Oversight is a Priority
The Bureau of International Narcotics and Law Enforcement Affairs is absolutely committed to program performance and accountability, and we welcome input from the oversight community to identify measures that strengthen program management and transparency. In this vein, we appreciate the audit report on PDP released by Special Inspector General for Iraq Reconstruction on October 31, 2011 and are implementing the three recommendations identified for action.
Specifically, we agree that a current assessment of the Iraqi MOI and police services is necessary to provide a starting point against which to measure progress. We also regard such an assessment as critical to enabling us to finalize our comprehensive PDP plan. Our updated planning called for our senior police advisors to conduct baseline assessments of existing Iraqi capabilities. I am pleased to report that since October 1, they have done just that. Our deployed advisors have submitted dozens of reviews, and we have a Washington-based team of experts analyzing their input to assemble a final assessment report. We will use the results of this review to refine and execute the future PDP programming, and ensure that our performance metrics are clear and realistic for each. Our advisors also have individual work plans that are tied to our program objectives and performance metrics.
We will continue to adjust our police assistance program, as planned, based on real-time developments on the ground assessed by the experts we have deployed. A dedicated INL monitoring and evaluation staff will measure PDP progress and every six months INL Headquarters, the Embassy, and our PDP leadership will perform a program review to assess progress and to make course corrections, if needed. We look forward to an ongoing dialogue with the Congress about these issues.
We also agree that Iraqi buy-in and ownership of the program is critical to its success. The PDP grew out of the 2008 US-Iraq Strategic Framework Agreement, and later discussions with Iraqi officials on law enforcement needs and priorities. We continue to pursue a formal PDP implementing agreement as SIGIR suggested, but we are proceeding in coordination with the Government of Iraq, in the absence of a permanent Minister of Interior.
That said, the Ministry’s commitment to the program is well established. Our two governments continue to share the costs involved with police development efforts. For example, the will not pay for infrastructure, equipment, and operational support for Government of Iraq security entities, including the police. The Government of Iraq will fund these costs directly, along with all GOI personnel costs.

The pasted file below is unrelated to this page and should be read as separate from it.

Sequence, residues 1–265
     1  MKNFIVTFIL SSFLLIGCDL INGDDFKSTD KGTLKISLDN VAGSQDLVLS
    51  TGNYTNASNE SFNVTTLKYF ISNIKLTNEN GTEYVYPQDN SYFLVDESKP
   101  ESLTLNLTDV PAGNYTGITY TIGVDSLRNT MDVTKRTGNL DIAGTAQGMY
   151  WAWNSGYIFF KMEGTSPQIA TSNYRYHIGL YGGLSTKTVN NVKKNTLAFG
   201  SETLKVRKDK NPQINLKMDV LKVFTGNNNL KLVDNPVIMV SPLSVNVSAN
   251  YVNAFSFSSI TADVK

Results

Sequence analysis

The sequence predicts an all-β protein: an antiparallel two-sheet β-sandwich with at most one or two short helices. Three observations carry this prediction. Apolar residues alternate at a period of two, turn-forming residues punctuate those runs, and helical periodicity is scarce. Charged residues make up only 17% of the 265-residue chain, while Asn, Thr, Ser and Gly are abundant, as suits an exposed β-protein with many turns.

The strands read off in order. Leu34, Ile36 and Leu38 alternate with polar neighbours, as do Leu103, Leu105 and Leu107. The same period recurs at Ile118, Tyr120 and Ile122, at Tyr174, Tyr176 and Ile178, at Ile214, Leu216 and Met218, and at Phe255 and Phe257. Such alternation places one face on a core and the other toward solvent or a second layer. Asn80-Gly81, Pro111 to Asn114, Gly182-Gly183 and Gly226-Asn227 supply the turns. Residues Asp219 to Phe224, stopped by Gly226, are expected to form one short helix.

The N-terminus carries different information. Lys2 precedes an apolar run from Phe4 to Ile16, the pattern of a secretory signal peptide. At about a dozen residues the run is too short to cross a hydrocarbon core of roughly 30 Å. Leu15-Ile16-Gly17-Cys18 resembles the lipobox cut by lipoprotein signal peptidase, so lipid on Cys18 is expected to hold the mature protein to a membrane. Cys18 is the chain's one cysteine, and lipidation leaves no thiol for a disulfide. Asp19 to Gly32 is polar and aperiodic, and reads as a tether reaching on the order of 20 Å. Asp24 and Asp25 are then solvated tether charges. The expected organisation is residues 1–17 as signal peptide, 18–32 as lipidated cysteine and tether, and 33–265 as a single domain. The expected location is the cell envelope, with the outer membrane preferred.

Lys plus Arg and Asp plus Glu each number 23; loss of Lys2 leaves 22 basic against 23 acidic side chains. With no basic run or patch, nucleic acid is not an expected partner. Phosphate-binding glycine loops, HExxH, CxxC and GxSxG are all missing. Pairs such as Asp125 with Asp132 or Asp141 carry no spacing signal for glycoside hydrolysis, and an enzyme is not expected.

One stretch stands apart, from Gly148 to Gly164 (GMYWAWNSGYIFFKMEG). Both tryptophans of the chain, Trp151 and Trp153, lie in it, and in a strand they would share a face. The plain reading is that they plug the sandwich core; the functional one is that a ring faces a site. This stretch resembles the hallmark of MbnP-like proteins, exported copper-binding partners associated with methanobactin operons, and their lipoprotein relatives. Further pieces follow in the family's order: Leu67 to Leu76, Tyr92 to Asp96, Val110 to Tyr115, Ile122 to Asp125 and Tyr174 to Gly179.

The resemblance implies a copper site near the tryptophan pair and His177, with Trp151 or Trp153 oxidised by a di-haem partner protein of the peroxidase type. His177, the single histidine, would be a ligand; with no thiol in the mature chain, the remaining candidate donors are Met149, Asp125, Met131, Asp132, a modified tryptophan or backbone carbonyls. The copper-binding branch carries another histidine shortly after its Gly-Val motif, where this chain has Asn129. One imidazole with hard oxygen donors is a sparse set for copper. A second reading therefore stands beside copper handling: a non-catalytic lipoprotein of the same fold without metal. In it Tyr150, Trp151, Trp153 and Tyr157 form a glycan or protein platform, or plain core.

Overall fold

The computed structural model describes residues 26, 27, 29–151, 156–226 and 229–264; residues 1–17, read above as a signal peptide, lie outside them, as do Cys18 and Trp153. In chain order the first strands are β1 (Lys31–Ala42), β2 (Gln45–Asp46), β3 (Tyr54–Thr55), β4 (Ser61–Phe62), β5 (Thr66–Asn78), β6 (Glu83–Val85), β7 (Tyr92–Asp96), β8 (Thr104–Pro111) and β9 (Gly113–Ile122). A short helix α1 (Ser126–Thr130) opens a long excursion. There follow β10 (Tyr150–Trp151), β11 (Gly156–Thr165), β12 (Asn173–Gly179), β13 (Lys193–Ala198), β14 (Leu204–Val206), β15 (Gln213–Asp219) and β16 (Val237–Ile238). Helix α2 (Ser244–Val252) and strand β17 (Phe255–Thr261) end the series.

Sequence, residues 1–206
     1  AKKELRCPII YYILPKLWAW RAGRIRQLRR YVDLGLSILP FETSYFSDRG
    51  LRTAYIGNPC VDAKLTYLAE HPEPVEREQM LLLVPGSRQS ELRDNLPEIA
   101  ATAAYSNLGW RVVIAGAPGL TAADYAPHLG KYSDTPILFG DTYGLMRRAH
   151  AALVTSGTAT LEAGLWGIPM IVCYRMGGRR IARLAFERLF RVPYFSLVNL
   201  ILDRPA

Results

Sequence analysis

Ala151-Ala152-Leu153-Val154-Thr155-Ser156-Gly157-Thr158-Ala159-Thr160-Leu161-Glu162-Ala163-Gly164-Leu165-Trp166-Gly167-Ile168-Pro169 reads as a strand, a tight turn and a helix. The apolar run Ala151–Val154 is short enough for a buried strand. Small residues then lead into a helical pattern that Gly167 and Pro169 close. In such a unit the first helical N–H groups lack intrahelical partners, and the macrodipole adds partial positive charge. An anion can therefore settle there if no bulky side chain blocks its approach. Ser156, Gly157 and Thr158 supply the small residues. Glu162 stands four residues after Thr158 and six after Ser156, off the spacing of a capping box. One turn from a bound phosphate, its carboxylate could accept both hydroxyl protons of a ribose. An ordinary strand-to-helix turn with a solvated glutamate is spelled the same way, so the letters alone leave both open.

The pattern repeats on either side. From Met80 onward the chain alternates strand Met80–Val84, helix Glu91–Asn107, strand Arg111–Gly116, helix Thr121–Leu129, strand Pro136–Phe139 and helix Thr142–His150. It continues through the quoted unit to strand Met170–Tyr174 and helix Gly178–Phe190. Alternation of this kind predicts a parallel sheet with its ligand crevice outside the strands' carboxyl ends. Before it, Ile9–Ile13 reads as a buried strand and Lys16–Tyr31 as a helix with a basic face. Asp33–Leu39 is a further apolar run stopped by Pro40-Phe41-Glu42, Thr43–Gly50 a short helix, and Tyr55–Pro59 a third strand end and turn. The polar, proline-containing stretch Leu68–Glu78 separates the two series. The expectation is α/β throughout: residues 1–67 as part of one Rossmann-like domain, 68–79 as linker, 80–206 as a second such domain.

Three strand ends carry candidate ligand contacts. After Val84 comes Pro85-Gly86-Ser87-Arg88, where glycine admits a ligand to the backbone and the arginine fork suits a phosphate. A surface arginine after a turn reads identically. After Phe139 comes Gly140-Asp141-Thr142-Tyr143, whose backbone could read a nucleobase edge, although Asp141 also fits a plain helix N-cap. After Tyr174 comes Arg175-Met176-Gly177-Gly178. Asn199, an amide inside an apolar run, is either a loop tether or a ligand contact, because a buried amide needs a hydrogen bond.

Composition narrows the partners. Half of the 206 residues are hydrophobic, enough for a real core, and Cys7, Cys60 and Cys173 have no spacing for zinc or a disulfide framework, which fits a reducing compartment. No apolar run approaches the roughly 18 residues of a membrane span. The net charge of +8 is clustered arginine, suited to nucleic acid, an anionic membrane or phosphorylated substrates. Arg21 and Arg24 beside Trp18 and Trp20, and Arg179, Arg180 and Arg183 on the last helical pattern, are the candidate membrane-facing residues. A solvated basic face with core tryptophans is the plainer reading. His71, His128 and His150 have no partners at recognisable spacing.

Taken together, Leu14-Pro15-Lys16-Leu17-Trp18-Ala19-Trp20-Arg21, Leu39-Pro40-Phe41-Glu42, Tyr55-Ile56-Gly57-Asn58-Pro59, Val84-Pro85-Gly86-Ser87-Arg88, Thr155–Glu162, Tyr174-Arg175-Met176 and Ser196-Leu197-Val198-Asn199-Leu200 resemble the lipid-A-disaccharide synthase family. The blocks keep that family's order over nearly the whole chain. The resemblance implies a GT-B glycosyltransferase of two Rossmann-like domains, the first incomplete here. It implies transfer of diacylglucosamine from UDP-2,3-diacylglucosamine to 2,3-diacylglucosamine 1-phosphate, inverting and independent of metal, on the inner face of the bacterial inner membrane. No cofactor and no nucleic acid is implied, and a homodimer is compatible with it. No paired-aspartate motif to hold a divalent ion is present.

Mr. Chairman and distinguished Members, the State Department and our colleagues throughout the U.S. government recognize the complexity and the importance of the mission being undertaken by our Police Development Program. And both we and the Iraqi government have committed to bilateral cooperation to help realize our common security goals. Just today in Iraq, Vice President Biden and Iraqi Prime Minister Maliki chaired a session of the U.S.-Iraqi Higher Coordinating Committee, created under the 2008 US-Iraq Strategic Framework Agreement for long-term bilateral cooperation. More frequently, a committee of criminal justice experts from the U.S. and Iraq meet to discuss law enforcement and judicial cooperation, including the further integration and security of Iraqi police, courts and prisons, and to enhance law enforcement relationships that address corruption and transnational crimes. And the United States is making good on this commitment by implementing the Police Development Program.
The State Department does not underestimate the challenge of implementing this complex police assistance program in an environment that still presents great risks to our personnel. However, the threat that would result from our failure to follow through on the investment the U.S. has already made – and for which American servicemen and women, diplomats, and others have sacrificed their lives – is even greater. Iraq requires continued international support to remain on its path toward modern, professional, community-oriented police capable of responding to the difficult security conditions present in Iraq today. We absolutely expect that our mentoring and advising support for the Iraqi police service today will enable Iraqis to secure communities more quickly and allow democratic principles of government under the rule of law to take hold.
We look forward to working closely with you to advance the goal of helping Iraq achieve and sustain lasting peace and stability. Thank you.